Keir Moreau, a middle school teacher living a solitary life, is excited to welcome a handsome new neighbor. But after their first meeting goes alarmingly wrong, Keir decides it's safer to keep his distance. Besides, he has to focus all his attention on finding help for a student who is being forced into conversion therapy.
Riley Quinn used to be an award-winning photojournalist, roaming the world and exposing corruption. An injury put an end to all that. Now he's frustrated with his new aimless life, wondering if he'll ever do anything again that really matters. When he first meets Keir, a case of mistaken identity leads him to mistreat his intriguing new neighbor. Riley tries again and again to redeem himself, but everything he does seems to push Keir farther away.
Keir, obsessing about his failure to help his student and fighting his stubborn attraction to Riley, takes a reckless gamble that goes dreadfully wrong. Or does it? Can an act of desperation open the door to romance?
Keir tightened his grip on the welcome packet and the cooler containing his homemade tandoori chicken dinner. Arranging a smile on his face to mask his nervousness, he climbed the three steps to the new guy's condo. The front door was still propped wide open, so he cautiously stuck his head in and peeked around. The floor plan looked like a mirror image of his own condo, including the long shadowy hallway leading to the stairs to the second floor.
There was no table in the hallway, so Keir set the cooler and the welcome packet on a crate near the door. A framed photo lay at the base of the crate, an inviting image smiling up at him. Keir released a heavy sigh. What a beautiful young man -- just the type who'd be the new guy's boyfriend. Any budding fantasies of finding a potential lover withered. No surprise there. But maybe friendship was still possible.
Keir took two steps farther and stopped when his foot connected with another frame, this one lying face down. Unable to resist, he picked up the photo. A second beautiful young man. Keir studied the portrait. The looks were nearly identical to the first one, but it wasn't the same person. So, his new neighbor had a type. One that Keir, with his skinny body and blotched face, would never satisfy.
With eyes now adjusted to the gloom, he could see a whole collection of photos strewn in a jumble across the hall. Just how many boyfriends did this guy have? And how could anyone be so cavalier about dumping their pictures on the floor? Keir's eyes followed the trail of seductive images to the bottom of the staircase.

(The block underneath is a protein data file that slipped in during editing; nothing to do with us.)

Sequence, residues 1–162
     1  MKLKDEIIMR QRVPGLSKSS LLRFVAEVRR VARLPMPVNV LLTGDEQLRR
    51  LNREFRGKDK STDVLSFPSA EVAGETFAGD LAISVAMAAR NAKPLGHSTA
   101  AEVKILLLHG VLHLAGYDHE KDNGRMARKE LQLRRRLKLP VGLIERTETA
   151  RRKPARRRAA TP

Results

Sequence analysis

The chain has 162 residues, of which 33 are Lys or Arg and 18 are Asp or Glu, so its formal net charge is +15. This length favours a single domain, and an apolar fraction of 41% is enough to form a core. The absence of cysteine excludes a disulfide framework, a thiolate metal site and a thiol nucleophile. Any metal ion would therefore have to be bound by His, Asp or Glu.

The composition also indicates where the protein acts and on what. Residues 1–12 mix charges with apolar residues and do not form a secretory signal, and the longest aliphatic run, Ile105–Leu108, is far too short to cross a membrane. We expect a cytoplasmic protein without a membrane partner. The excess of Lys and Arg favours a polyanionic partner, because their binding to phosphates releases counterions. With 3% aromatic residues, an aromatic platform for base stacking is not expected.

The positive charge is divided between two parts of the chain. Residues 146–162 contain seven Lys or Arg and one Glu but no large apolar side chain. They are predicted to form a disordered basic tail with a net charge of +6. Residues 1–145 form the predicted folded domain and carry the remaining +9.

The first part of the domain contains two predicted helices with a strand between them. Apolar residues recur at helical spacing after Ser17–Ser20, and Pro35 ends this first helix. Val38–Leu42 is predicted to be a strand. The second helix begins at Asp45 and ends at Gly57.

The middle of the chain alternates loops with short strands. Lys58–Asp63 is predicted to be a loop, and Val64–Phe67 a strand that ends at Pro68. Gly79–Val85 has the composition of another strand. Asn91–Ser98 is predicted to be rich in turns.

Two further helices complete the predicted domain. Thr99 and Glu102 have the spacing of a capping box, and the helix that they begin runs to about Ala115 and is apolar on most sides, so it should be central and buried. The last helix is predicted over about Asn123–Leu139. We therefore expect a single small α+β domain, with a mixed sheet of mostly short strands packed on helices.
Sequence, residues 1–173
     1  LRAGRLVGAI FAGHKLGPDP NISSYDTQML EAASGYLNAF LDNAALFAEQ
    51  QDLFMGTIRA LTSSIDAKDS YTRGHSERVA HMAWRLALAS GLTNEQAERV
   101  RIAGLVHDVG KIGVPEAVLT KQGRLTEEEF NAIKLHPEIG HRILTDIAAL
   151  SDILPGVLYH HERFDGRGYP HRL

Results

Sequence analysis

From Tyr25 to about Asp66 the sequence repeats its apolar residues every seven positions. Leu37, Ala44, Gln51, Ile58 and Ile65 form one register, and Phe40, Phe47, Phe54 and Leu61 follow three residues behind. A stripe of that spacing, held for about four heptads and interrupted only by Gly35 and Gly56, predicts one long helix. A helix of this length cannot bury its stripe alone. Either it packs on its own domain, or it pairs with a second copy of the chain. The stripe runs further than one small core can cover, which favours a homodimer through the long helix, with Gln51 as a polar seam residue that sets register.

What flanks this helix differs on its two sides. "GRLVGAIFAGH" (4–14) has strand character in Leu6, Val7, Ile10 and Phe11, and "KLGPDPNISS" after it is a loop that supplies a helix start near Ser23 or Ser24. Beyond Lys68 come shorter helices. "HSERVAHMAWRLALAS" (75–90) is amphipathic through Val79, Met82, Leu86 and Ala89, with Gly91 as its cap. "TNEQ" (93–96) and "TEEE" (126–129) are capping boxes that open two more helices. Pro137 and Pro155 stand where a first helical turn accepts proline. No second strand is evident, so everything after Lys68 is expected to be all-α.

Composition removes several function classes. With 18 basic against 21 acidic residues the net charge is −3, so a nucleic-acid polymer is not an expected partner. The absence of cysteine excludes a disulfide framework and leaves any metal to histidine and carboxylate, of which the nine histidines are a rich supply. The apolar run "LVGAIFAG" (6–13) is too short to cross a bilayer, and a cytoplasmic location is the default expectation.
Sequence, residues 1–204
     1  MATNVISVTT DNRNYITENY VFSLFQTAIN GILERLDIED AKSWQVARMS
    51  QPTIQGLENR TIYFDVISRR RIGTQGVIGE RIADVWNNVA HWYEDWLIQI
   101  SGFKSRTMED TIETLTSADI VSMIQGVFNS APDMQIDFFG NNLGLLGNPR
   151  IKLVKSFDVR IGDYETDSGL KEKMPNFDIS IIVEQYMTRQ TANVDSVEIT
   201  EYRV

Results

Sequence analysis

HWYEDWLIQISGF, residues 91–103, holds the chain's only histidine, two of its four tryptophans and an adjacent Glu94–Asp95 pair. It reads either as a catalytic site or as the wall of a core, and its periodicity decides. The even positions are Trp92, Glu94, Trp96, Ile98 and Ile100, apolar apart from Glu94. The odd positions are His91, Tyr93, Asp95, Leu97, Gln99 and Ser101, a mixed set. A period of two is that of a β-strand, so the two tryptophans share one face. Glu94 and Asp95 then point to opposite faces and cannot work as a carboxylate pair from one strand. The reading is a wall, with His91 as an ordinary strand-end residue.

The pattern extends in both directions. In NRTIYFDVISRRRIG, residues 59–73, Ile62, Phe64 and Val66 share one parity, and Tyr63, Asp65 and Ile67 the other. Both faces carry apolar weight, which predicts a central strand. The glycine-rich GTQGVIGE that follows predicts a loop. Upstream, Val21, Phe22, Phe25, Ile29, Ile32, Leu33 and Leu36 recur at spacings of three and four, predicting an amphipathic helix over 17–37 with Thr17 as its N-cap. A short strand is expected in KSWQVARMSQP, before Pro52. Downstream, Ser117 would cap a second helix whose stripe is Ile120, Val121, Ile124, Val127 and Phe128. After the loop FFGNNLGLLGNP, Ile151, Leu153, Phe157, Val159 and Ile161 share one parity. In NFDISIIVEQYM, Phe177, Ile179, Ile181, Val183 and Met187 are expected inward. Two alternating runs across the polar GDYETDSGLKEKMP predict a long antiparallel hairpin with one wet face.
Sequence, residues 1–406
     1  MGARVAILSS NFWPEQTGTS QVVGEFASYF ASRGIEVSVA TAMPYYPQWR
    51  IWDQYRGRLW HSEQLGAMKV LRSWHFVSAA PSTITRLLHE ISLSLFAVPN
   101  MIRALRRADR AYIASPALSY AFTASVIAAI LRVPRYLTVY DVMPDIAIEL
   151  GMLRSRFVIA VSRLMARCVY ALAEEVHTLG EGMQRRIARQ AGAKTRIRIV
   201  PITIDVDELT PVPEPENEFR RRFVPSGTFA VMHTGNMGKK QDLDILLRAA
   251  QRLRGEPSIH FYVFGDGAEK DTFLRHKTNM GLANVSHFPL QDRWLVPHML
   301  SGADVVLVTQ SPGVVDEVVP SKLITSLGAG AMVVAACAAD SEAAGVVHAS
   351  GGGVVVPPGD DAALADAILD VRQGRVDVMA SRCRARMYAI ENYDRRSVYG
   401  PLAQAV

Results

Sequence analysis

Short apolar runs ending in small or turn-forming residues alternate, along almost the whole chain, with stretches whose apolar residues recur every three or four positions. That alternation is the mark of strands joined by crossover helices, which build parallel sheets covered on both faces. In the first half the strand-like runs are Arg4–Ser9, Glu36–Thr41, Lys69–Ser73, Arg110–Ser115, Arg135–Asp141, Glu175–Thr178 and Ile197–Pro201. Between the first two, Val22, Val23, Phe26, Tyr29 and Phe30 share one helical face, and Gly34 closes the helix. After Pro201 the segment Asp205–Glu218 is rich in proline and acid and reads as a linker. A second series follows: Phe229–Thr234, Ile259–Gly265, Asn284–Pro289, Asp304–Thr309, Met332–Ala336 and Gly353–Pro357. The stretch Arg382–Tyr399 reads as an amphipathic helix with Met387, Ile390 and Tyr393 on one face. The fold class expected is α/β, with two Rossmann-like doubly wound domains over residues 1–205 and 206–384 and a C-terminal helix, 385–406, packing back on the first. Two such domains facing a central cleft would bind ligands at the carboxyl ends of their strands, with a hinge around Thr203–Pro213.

Sprawled on the bottom steps was the new neighbor.
In an instant, the blood drained from Keir's face. Cringing at how pathetic it was to get caught snooping before he'd even introduced himself, he lay the photo on the floor with care and struggled to dredge up an apology. But the words stalled in his throat. The man on the stairs was asleep. Thank God. A chance to avoid being judged a total idiot, at least not quite so soon.
He paused to indulge in a few moments of watching the handsome man's quiet, even breathing. The magnificent body was just as beautiful as it had appeared from across the street. But close up, the "god" looked a lot more human with deep lines of exhaustion marring his face.
Keir was seized with an urge to soothe those lines. If nothing else, the chicken tandoori offering should be welcome. Anyone too tired to even close his front door should appreciate a hot, home-cooked meal.
He cleared his throat, hoping to catch the man's attention without startling him.
It worked. Those eyes (oh, yes, a brilliant shade of blue even the shadows couldn't diminish) opened and struggled to focus.
With as friendly a smile as he could manage, Keir took a step forward and extended a hand. "Hi, I'm here to talk to you about --"
"It's about damned time you got here," the man growled.
Reacting on instinct to that gruff voice, Keir jerked his hand back and froze. Had the man expected to be welcomed the moment the moving van left? "Look, I'm sorry --"
"Sorry? Damned straight you're sorry! Did you bring the paperwork?"
How did the guy know about that? Wondering if he'd be allowed to complete a sentence on his third try, Keir gestured to the welcome packet on the crate. "Everything you need is over there."
"Good. Now take this piece of shit and get out."
Keir leaped backwards as the seated man shoved a hand truck clattering across the floor, coming close to hitting him. Was the guy attacking? He bit his lower lip as he tried to decide what to do. Okay, the crazy person wanted him to take the hand truck. And do what with it? That question almost escaped Keir's lips, but the hard look in the eyes of the scary new neighbor didn't invite discussion. Fearful of re-igniting that temper in such an intimidating man, Keir chose discretion over valor.
Keeping watchful eyes on the irate man, Keir grasped the hand truck by its handle, backed up until he reached the door, and without another word made his escape. After he leaned the hand truck against the hedge next to the steps, he hurried across the street. Brusque? That's what Mrs. Prendergast had called this guy? How about irrational? Unpredictable? Or maybe just plain nuts?
If that woman ever asked him to do the welcome wagon thing again, he vowed he'd be permanently unavailable.